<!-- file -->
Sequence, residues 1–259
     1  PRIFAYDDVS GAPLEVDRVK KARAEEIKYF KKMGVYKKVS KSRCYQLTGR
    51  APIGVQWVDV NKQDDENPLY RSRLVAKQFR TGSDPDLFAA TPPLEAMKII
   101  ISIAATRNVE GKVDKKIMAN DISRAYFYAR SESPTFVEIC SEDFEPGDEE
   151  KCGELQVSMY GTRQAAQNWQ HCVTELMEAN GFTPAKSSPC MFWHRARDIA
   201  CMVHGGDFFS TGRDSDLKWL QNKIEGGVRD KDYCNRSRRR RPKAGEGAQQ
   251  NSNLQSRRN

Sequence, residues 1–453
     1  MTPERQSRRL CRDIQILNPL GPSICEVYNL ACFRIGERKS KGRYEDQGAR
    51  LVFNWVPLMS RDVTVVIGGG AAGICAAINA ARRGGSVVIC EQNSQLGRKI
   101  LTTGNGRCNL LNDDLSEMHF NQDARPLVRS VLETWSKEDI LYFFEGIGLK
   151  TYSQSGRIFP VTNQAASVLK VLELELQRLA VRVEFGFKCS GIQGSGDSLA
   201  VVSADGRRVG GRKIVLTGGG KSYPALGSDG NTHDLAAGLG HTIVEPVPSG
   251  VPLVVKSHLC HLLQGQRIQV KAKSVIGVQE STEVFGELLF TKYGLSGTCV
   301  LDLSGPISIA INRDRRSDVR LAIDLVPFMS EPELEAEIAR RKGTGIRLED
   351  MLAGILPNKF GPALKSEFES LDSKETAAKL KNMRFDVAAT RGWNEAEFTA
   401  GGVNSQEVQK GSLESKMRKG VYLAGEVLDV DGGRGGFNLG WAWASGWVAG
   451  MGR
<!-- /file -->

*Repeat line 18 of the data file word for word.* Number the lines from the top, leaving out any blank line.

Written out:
   451  MGR